When evaluating whether a party has violated Rule 11(b)(1)(3), the Court must examine the pleadings according to a standard of objective reasonableness. In re Kunstler, 914 F.2d 505, 519 (4th Cir. 1990) (addressing violation of Rule 11(b)(1)); Cabell v. Petty, 810 F.2d 463, 466-67 (4th Cir. 1987)(addressing violation of Rule 11(b) (2)- (3)) . To determine whether a pleading is filed with an improper purpose, in violation of Rule 11(b)(1), "a court must ignore evidence of the injured party's subjective beliefs." In re Kunstler, 914 F.2d 505 at 519. Instead, the party alleging violation of Rule 11(b)(1) must demonstrate that the filer lacked a "sincere intent to pursue [the claim] ." Id. The assertion of a legal contention violates Rule 11(b)(2) if it has "absolutely no chance of success under the existing precedent." Hunter v. Earthgrains Co. Bakery, 281 F .3d 144, 153 (4th Cir. 2002)(internal quotations omitted). Even if the law could colorably support a claim, a party violates Rule 11(b)(3) where there is no factual support for the asserted claims. See id. at 154-55; Brubaker v. City of Richmond, 943 F.2d 1363, 1373 (4th Cir. 1991) ("[Factual] allegations unsupported by any information obtained prior to filing [violates Rule 11]."); Edmonds v. Gilmore, 988 F.Supp. 948, 957 (E.D. Va. 1997) (finding that while plaintiff's claims were not sufficient to survive motions to dismiss and for summary judgment, the plaintiff "articulated objectively reasonable claims'7 and therefore sanctions would be improper). Finally, the Advisory Committee note to Rule 11 cautions courts against "using the wisdom of hindsight, " but instead directs courts to test factual allegations "by inquiring what was reasonable to believe at the time the pleading, motion, or other paper was submitted." Fed.R.Civ.P. 11 Advisory Committee's Notes.

         White argues that the United States, through its attorneys, "[made] factual contentions knowing that they did not have evidentiary support." Mot. for Sanctions 1. According to White, the United States knowingly made false factual statements when its attorneys claimed that White had been found to have violated a protective order issued by the Western District of Virginia, that White had made the threatening phone call to attorney Mottley, that the transcript of the actual phone call was subject to a protective order in the Western District of Virginia, and that White previously had received the call transcript in discovery. Id. Having reviewed White's motion for sanctions, the Magistrate Judge recommended that the district court deny the motion because White failed to meet the legal standard to demonstrate that the United States' attorneys made allegations for an improper purpose, Fed.R.Civ.P. 11(b)(1), or made allegations without evidentiary support, Fed.R.Civ.P. 11(b)(3). R & R at 13. White objects to the Magistrate Judge's Report and Recommendation for the same reasons that he argued in his initial motion for sanctions, specifically that the United States' factual assertions are false and therefore that the Magistrate Judge erred by failing to find the statements to be false. Objections to the R & R 1-4, ECF No. 251. According to White, the Magistrate Judge erred in finding it "objectively reasonable" for the United States to assert false factual statements, and thus sanctions should be imposed. Id.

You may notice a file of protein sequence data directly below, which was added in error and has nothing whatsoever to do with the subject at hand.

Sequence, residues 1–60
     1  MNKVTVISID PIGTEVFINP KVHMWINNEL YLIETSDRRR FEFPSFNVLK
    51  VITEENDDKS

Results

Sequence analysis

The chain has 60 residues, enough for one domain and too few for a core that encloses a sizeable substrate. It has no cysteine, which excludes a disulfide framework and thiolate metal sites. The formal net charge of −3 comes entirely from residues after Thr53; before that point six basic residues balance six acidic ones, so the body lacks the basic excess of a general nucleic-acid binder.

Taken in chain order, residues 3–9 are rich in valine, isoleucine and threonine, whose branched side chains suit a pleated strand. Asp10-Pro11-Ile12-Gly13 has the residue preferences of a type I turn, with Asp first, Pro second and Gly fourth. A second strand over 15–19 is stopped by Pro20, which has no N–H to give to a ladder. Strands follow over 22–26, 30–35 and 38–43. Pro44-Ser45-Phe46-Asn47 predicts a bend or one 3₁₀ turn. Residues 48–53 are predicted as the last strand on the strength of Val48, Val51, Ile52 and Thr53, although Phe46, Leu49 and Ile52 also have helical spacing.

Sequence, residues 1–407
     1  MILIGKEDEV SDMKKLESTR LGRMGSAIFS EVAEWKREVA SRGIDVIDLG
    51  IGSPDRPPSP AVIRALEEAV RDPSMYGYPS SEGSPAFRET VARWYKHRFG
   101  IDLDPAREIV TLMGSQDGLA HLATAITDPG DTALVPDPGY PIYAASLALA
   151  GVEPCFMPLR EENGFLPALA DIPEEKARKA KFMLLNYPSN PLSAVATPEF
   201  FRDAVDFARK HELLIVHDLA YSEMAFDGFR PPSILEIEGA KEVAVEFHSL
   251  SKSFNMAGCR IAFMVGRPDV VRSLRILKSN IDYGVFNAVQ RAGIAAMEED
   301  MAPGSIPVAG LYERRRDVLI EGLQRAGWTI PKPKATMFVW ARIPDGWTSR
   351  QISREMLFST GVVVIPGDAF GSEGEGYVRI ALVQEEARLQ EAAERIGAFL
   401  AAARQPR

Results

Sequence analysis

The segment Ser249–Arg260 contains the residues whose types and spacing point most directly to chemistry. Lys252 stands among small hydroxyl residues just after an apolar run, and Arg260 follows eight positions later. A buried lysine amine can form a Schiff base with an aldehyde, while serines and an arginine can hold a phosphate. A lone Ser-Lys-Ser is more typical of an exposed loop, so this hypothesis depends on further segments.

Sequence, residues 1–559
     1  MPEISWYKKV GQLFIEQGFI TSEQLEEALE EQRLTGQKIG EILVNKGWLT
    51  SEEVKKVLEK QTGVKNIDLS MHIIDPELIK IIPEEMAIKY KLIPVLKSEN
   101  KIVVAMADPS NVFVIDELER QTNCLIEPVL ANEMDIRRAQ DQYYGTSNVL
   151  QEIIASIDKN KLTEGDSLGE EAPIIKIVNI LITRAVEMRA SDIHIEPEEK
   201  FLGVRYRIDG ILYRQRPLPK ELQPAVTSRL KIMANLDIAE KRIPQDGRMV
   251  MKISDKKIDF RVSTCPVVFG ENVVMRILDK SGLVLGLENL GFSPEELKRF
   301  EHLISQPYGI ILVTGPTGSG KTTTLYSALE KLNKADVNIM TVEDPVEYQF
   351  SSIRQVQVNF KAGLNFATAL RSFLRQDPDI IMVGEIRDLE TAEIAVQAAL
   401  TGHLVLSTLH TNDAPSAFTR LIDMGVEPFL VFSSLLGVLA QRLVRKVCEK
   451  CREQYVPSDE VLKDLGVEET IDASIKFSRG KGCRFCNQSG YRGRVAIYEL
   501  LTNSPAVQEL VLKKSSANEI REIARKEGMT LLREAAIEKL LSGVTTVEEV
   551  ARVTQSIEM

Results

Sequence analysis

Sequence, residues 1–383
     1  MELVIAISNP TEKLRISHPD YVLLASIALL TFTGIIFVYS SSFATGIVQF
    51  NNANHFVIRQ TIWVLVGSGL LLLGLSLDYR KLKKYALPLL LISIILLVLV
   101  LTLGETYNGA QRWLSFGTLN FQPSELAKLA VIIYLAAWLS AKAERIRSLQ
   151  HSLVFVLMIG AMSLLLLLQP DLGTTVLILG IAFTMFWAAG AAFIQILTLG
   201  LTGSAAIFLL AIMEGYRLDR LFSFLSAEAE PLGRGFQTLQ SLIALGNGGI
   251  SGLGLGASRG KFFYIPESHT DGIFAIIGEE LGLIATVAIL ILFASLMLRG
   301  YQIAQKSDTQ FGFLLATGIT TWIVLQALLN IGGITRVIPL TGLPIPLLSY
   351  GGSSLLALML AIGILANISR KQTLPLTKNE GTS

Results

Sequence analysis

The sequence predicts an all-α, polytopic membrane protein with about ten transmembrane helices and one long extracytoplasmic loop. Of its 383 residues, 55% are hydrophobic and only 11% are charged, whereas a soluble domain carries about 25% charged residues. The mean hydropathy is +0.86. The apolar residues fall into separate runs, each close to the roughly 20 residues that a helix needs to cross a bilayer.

The Court, upon a de novo review, finds that the Magistrate Judge correctly evaluated White's motion for sanctions. Because White's objections are restatements of his same arguments that were properly analyzed by the Magistrate Judge in detail in the Report and Recommendation, the Court finds that White's objections are without merit. Accordingly, the Court does hereby ADOPT and APPROVE the findings and recommendations set forth in the Report and Recommendation filed December 28, 2016. It is, therefore, ORDERED that White's motion for sanctions, ECF No. 218, is DENIED and DISMISSED WITH PREJUDICE. White may appeal from the judgment entered pursuant to this Order by-filing a written notice of appeal with the Clerk of this court, United States Courthouse, 600 Granby Street, Norfolk, Virginia 23 510, within thirty (30) days from the date of entry of such judgment.

         The Clerk is DIRECTED to mail or deliver a copy of this Order to White and to ...